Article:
The Movie Waffler Blu-Ray Review - THE BORDER (1982) | The Movie Waffler

Blu-Ray Review - THE BORDER (1982)

the border 1982 film review
A border agent becomes involved in a human trafficking ring.

Review by Jason Abbey

Directed by: Tony Richardson

Starring: Jack Nicholson, Harvey Keitel, Valerie Perrine, Warren Oates, Elpidia Carrillo

the border 1982 film powerhouse indicator blu-ray

An elegiac existential police drama that feels like a last hurrah of '70s Hollywood independent drama, The Border is a low key work that has plenty to recommend but lacks the anger of the movie brats in their heyday. More problematic is that what should be essentially an immigrant's story is filtered through the eyes of a border guard, Smith (Jack Nicholson), whose world weariness is only exacerbated by the avaricious consumerism of his wife Marcy (Valerie Perrine) and the plight of Maria (Elpidia Carrillo), a Mexican immigrant who is not only at risk from the Coyotes who try to sneak her in the US but also from a country that doesn’t care for its underclass and which just wants to exploit her body and baby.

Tony Richardson’s drama is a rewarding but frustrating watch. It opens with an earthquake during a wedding in Mexico, displacement and poverty forcing the inhabitants to abandon their town and seek refuge and a new life in the US. It should be an angry and coruscating piece about the plight of illegal immigrants and the border guards who are forced to police a system that patently does not work.

the border 1982 film

It would be unfair to label criticism at Nicholson; this is one of the subtlest and most underplayed performances of his modern work. The general consensus is that Stanley Kubrick forever changed his acting style after The Shining, changing him from a charismatic character actor to a scenery chewing panto dame. Here he brings pathos and a bewildered sense of shame as a man who just wants to do one good thing.

What you end up with is a film uncertain of its intentions. Is it a satire of the American consumerist dream? Exemplified by Marcy’s constant credit card purchases; the ubiquitous TV blaring; and in a touch that seems a little too sneering, the purchasing of a waterbed; the implication is she may have moved out of the trailer park but the trailer park hasn’t moved out of her.

Or is it a corruption thriller in which a good man corroded by commercialism and the need to provide the trappings of middle class living makes a decision that has him ensnared in a corrupt policing system that makes mincemeat of the undocumented immigrants to feather his own nest?

the border 1982 film

What it never feels like is Maria’s story. Carrillo is sympathetic and impressive as a woman who is exploited and taken advantage of, but she always feels like a pawn in Smith's personal drama. Whether it’s her brother being shot or her baby being kidnapped, it feels less the wrenching tragedy it should and more an opportunity for Nicholson to show his mettle. Smith isn’t what you call a typical hero; he may not be trying to fuck Maria but you are never entirely sure of his motives - Smith himself doesn’t know. Like Sylvester Stallone in Copland, there’s a sense that he can no longer bury his head under the sand and must take a stand no matter how detrimental that may be to those around him.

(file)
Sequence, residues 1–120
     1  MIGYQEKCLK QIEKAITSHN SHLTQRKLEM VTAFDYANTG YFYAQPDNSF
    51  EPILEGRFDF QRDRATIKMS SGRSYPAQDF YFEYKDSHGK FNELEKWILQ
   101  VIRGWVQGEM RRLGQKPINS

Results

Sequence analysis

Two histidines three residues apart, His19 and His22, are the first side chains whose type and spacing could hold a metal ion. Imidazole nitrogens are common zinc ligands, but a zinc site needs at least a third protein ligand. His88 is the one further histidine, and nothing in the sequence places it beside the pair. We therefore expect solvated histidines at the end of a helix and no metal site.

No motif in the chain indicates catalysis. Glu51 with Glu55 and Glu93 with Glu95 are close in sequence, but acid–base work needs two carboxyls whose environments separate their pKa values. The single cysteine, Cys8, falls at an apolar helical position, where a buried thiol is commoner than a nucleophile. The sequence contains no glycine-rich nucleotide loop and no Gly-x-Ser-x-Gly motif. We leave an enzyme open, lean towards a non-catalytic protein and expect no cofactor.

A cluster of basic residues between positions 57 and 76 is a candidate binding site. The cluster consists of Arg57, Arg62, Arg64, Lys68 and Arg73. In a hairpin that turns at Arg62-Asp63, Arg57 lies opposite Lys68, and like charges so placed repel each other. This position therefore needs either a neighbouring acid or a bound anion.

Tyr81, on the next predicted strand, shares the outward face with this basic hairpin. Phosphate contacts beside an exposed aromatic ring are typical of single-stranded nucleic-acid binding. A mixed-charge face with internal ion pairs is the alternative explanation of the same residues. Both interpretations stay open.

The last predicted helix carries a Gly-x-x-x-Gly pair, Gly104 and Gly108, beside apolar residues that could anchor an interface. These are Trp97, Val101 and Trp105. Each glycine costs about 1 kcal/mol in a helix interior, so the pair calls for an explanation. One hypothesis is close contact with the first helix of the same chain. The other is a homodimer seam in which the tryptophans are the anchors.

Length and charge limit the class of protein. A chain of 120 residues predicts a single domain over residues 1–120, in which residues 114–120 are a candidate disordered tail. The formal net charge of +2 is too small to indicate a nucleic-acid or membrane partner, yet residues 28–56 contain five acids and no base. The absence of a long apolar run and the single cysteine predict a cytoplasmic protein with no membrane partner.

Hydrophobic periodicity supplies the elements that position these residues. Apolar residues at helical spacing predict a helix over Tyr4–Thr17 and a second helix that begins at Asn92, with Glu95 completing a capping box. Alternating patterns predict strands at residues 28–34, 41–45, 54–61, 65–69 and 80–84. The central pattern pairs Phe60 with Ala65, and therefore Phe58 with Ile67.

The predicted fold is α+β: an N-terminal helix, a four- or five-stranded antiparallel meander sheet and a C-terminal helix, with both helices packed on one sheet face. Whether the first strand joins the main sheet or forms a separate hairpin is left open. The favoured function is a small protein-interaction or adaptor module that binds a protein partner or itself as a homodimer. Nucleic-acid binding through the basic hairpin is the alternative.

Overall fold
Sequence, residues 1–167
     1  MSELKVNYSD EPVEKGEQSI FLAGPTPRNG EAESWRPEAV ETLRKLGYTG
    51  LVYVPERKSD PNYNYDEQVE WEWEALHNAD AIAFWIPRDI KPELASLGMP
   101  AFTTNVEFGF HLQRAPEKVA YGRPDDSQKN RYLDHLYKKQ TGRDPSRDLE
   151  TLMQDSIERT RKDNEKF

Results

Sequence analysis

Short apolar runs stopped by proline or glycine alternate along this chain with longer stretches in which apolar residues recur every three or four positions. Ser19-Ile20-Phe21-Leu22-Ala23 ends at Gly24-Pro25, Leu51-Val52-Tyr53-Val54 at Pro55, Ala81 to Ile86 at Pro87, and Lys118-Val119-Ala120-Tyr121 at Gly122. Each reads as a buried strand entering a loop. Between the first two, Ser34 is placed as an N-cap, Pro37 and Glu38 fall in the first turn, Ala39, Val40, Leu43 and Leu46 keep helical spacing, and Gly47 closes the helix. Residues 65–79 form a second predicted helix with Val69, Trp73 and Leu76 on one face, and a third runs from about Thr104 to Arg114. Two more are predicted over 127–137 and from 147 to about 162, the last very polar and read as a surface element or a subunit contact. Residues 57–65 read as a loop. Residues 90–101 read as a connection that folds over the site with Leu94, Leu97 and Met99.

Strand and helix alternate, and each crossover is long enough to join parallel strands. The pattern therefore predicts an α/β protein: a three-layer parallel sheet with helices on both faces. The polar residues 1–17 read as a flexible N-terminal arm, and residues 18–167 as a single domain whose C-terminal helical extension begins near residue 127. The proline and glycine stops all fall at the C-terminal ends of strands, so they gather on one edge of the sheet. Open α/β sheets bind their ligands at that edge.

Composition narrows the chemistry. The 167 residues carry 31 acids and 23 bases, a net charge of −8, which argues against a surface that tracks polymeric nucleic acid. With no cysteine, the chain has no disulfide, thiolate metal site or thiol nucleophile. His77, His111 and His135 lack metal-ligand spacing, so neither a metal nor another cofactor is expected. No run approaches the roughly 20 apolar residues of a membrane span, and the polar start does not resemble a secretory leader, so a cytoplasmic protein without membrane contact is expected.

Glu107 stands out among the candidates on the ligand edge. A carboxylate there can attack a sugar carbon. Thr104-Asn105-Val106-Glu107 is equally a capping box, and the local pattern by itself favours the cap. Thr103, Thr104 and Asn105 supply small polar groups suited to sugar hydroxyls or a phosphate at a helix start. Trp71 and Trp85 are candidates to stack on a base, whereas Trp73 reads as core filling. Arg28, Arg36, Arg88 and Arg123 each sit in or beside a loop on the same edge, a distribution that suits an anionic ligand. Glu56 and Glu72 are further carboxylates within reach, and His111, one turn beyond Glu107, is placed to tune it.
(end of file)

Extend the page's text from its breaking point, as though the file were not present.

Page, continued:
There is first rate support from both Harvey Keitel and Warren Oates as Nicholson’s corrupt compadres luring him into a web of murder, drugs and money, and an early film score from Ry Cooder that acts as the perfect counterpoint to Ric Waite’s lush widescreen photography (with a little help from Vilmos Zsigmond).

the border 1982 film

The Border was unfairly maligned at the time, Richardson’s direction compared to that of a TV movie. That's grossly unfair; he may not be the greatest director of actors, but the mise en scene and pacing are spot on.

Not a classic then, but a more than serviceable mid period Nicholson film. There is a sense of wearying fatality about the subject, which in the three decades since has turned into bellicose anger and stupidity about something far more complex and nuanced. In other words, a film for grown-ups.

The usual high level of extras from Powerhouse with an archival audio recording of what amounts to showbiz memorial following the director's death, sponsored by The Guardian and the NFT. There is an audio commentary by Nick Pinkerton, who brings a wealth of information about the production as well as contextual information about the director - nothing anecdotal or jovial here, rather a thoroughly researched piece of work for a format that can sometimes degenerate into chummy banter. An image gallery, trailer and subtitles for the deaf and hard of hearing rounds off the on-disc extras. Not exhaustive, but well-chosen given the lack of availability of key players.

As usual there is also a 32 page booklet featuring writing from Scott Harrison, director Richardson and screenwriter Walon Green, as well as critical responses to the film at the time of its release.

The Border is on blu-ray now from Powerhouse Indicator.